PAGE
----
Subject(s)
Blood Transfusion/methods , COVID-19 , COVID-19/epidemiology , Civil Disorders , Humans , Minnesota/epidemiology , Pandemics , Trauma Centers
14.
Clin Infect Dis ; 74(7): 1265-1267, 2022 Apr 09.
Article in English | MEDLINE | ID: covidwho-1322621

ABSTRACT

The Minnesota Department of Health investigated a coronavirus disease 2019 (COVID-19) outbreak at a fitness center in Olmsted County, Minnesota. Twenty-three severe acute respiratory syndrome coronavirus 2 (SARS-CoV-2) infections (5 employees and 18 members) were identified. An epidemiological investigation supported by whole genome sequencing demonstrated that transmission of SARS-CoV-2 occurred at the fitness center despite following recommended prevention strategies.


Subject(s)
COVID-19 , Fitness Centers , Disease Outbreaks , Humans , Minnesota/epidemiology , SARS-CoV-2
15.
J Acad Nutr Diet ; 121(9): 1679-1694, 2021 09.
Article in English | MEDLINE | ID: covidwho-1322177

ABSTRACT

BACKGROUND: A steep rise in food insecurity is among the most pressing US public health problems that has resulted from the COVID-19 pandemic. OBJECTIVE: This study aimed to (1) describe how food-insecure emerging adults are adapting their eating and child-feeding behaviors during COVID-19 and (2) identify barriers and opportunities to improve local food access and access to food assistance. DESIGN: The COVID-19 Eating and Activity Over Time study collected survey data from emerging adults during April to October 2020 and completed interviews with a diverse subset of food-insecure respondents. PARTICIPANTS/SETTING: A total of 720 emerging adults (mean age: 24.7 ± 2.0 years; 62% female; 90% living in Minnesota) completed an online survey, and a predominately female subsample (n = 33) completed an interview by telephone or videoconference. MAIN OUTCOME MEASURES: Survey measures included the short-form of the US Household Food Security Survey Module and 2 items to assess food insufficiency. Interviews assessed eating and feeding behaviors along with barriers to healthy food access. ANALYSES PERFORMED: Descriptive statistics and a hybrid deductive and inductive content analysis. RESULTS: Nearly one-third of survey respondents had experienced food insecurity in the past year. Interviews with food-insecure participants identified 6 themes with regard to changes in eating and feeding behavior (eg, more processed food, sporadic eating), 5 themes regarding local food access barriers (eg, limited enforcement of COVID-19 safety practices, experiencing discrimination), and 4 themes regarding barriers to accessing food assistance (eg, lack of eligibility, difficulty in locating pantries). Identified recommendations include (1) expanding the distribution of information about food pantries and meal distribution sites, and (2) increasing fresh fruit and vegetable offerings at these sites. CONCLUSIONS: Interventions of specific relevance to COVID-19 (eg, stronger implementation of safety practices) and expanded food assistance services are needed to improve the accessibility of healthy food for emerging adults.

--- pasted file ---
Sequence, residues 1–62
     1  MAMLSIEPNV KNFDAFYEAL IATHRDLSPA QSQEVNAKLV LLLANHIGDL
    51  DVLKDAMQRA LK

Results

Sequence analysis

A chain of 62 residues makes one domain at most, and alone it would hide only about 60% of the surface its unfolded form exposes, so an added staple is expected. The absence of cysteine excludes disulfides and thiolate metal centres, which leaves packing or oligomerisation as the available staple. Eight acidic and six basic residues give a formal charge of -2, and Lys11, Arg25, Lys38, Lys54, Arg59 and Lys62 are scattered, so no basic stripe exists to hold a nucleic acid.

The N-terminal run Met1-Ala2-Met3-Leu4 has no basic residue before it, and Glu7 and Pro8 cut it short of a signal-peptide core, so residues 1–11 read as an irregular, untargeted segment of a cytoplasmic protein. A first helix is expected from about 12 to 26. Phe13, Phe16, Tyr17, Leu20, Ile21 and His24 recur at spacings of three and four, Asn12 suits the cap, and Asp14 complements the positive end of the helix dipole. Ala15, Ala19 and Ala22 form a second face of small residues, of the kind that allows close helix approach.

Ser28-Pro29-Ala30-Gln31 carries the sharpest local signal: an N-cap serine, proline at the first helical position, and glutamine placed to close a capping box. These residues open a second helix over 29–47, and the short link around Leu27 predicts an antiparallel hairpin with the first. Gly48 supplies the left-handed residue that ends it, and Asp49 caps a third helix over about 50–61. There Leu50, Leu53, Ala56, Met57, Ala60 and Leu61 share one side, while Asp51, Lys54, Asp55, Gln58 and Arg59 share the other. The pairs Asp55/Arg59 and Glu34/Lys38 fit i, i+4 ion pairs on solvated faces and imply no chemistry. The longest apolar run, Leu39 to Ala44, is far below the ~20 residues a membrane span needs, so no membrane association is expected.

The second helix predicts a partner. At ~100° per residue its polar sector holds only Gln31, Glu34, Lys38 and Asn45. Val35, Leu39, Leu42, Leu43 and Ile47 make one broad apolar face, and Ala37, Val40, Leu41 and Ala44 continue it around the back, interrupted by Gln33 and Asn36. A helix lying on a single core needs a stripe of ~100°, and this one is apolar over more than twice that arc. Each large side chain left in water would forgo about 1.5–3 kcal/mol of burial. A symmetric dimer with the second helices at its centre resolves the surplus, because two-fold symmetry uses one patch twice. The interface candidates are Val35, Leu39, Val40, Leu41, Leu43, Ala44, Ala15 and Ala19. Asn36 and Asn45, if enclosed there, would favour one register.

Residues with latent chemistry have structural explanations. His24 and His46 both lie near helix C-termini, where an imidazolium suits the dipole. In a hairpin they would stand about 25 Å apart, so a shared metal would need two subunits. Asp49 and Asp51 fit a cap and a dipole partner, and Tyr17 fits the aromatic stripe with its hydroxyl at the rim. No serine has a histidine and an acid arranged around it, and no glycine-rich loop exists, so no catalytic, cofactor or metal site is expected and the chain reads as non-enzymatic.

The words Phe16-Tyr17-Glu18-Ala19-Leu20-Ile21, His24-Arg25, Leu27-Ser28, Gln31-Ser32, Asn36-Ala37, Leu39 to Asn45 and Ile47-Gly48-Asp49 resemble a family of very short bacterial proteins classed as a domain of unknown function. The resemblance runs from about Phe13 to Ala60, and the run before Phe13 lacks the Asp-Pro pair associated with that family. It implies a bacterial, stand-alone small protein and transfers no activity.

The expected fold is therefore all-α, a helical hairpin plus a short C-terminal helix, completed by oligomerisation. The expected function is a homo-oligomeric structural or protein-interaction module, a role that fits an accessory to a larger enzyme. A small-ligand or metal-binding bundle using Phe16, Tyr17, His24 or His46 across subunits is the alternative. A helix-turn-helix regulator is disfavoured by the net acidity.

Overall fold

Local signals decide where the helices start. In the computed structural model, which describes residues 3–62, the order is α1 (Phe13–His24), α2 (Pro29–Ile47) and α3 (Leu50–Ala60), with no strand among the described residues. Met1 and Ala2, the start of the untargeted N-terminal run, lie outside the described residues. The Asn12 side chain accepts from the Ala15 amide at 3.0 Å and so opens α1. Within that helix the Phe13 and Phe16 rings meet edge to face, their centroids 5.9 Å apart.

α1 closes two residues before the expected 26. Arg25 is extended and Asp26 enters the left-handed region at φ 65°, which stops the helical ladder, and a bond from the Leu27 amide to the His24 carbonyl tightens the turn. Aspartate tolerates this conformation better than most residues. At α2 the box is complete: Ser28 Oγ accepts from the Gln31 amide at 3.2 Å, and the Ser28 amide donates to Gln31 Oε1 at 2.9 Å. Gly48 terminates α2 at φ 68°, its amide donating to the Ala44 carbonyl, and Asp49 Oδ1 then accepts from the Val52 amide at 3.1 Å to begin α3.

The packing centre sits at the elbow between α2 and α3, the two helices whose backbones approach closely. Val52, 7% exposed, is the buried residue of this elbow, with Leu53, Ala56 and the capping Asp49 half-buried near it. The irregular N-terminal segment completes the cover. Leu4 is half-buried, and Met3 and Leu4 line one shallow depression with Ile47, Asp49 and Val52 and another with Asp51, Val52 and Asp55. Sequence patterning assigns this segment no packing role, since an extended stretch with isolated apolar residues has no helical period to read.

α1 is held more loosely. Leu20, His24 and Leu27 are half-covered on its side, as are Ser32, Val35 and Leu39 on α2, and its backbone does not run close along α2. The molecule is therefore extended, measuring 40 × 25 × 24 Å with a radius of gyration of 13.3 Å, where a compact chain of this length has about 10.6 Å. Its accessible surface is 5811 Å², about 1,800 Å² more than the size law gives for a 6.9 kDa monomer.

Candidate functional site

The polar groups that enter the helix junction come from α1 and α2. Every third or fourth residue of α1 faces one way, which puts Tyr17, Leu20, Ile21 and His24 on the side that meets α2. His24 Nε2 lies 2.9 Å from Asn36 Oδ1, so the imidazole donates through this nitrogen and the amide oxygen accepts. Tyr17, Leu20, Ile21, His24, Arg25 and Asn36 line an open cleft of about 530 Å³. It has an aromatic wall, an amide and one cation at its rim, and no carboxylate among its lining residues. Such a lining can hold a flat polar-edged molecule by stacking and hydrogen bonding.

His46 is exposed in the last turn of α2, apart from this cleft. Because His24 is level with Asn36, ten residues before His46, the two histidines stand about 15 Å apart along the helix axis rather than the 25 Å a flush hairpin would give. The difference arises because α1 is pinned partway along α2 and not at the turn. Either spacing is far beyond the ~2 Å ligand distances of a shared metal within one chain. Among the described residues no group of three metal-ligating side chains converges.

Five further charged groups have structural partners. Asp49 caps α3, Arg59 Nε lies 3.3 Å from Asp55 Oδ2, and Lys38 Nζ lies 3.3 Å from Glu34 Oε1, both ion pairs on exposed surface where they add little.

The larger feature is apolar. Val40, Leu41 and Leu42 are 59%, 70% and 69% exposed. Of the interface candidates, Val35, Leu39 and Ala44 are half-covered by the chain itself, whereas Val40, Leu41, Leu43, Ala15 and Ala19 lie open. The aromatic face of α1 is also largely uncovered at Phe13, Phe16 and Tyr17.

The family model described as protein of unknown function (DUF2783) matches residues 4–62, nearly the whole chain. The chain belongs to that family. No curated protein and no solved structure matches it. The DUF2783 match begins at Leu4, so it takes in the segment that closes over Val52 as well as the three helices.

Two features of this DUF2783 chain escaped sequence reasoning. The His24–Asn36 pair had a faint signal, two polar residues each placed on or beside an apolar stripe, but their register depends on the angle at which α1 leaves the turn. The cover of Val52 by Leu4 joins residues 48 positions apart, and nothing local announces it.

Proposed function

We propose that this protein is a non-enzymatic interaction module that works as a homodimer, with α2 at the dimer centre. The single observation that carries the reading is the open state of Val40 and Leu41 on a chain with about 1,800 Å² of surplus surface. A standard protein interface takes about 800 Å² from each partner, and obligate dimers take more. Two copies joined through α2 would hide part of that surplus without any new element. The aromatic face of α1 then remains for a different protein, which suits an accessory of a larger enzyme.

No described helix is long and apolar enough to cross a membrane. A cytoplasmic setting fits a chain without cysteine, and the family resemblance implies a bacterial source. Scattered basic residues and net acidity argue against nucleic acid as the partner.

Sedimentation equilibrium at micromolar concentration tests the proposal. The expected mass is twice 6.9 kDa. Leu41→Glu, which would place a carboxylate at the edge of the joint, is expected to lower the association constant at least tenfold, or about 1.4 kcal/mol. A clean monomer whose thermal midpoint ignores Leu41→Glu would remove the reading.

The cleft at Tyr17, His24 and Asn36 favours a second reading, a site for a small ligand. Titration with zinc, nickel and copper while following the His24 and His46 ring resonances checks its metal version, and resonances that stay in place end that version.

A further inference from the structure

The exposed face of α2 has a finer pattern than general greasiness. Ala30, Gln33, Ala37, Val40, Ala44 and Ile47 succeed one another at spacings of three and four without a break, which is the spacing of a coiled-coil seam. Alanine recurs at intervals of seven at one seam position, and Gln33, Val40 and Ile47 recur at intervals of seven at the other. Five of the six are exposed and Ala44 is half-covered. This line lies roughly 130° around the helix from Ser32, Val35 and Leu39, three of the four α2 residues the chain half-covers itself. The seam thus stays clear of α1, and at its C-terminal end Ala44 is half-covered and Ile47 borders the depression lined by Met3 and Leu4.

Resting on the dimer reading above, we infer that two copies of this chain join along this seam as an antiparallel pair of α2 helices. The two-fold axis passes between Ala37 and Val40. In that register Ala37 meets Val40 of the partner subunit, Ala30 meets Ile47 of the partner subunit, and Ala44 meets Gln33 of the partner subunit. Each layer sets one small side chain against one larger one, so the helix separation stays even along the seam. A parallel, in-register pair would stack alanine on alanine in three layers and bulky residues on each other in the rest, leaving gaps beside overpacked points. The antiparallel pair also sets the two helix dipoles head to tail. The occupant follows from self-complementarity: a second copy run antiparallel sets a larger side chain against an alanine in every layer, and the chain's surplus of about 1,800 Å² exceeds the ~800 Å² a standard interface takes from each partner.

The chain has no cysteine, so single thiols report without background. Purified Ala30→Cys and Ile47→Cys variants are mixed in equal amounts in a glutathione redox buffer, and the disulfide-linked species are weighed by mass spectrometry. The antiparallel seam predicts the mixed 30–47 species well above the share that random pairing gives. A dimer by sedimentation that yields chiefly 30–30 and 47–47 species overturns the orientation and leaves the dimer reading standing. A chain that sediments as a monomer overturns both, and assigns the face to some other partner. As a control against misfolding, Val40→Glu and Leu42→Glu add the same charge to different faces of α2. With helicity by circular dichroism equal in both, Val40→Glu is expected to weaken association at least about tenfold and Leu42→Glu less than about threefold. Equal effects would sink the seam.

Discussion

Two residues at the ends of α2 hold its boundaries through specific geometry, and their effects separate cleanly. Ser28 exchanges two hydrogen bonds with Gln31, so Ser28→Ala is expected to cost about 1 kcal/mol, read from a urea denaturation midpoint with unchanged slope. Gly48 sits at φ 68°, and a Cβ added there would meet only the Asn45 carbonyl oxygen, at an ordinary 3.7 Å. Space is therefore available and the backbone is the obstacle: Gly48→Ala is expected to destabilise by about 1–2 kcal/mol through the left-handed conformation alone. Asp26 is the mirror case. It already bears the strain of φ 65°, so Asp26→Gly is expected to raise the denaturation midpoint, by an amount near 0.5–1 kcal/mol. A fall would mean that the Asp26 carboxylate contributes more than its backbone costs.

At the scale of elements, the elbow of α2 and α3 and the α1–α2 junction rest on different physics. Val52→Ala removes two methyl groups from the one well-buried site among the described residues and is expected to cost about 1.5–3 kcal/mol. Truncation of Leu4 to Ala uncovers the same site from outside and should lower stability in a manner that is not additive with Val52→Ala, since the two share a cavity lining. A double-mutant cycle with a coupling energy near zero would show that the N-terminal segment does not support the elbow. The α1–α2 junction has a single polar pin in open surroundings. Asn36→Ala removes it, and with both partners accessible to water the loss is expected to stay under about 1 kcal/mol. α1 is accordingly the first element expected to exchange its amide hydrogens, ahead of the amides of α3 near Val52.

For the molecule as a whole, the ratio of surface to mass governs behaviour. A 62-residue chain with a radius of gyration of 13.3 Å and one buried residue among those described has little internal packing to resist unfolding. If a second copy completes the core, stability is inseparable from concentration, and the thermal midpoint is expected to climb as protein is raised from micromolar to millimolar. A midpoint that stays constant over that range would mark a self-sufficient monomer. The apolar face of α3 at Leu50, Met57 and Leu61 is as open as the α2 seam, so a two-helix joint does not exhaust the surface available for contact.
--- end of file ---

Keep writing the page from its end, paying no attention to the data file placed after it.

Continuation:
Subject(s)
COVID-19/epidemiology , Diet/standards , Food Assistance/standards , Food Insecurity , Adult , Feeding Behavior , Female , Humans , Male , Minnesota/epidemiology , Prevalence , Racism/ethnology , SARS-CoV-2 , Social Discrimination/ethnology , Socioeconomic Factors , Young Adult
16.
Emerg Infect Dis ; 27(8): 2052-2063, 2021 08.
Article in English | MEDLINE | ID: covidwho-1278367

ABSTRACT

Coronavirus disease has disproportionately affected persons in congregate settings and high-density workplaces. To determine more about the transmission patterns of severe acute respiratory syndrome coronavirus 2 (SARS-CoV-2) in these settings, we performed whole-genome sequencing and phylogenetic analysis on 319 (14.4%) samples from 2,222 SARS-CoV-2-positive persons associated with 8 outbreaks in Minnesota, USA, during March-June 2020. Sequencing indicated that virus spread in 3 long-term care facilities and 2 correctional facilities was associated with a single genetic sequence and that in a fourth long-term care facility, outbreak cases were associated with 2 distinct sequences. In contrast, cases associated with outbreaks in 2 meat-processing plants were associated with multiple SARS-CoV-2 sequences. These results suggest that a single introduction of SARS-CoV-2 into a facility can result in a widespread outbreak. Early identification and cohorting (segregating) of virus-positive persons in these settings, along with continued vigilance with infection prevention and control measures, is imperative.


Subject(s)
COVID-19 , SARS-CoV-2 , Disease Outbreaks , Humans , Minnesota/epidemiology , Phylogeny
17.
Virulence ; 12(1): 1597-1609, 2021 12.
Article in English | MEDLINE | ID: covidwho-1268053

ABSTRACT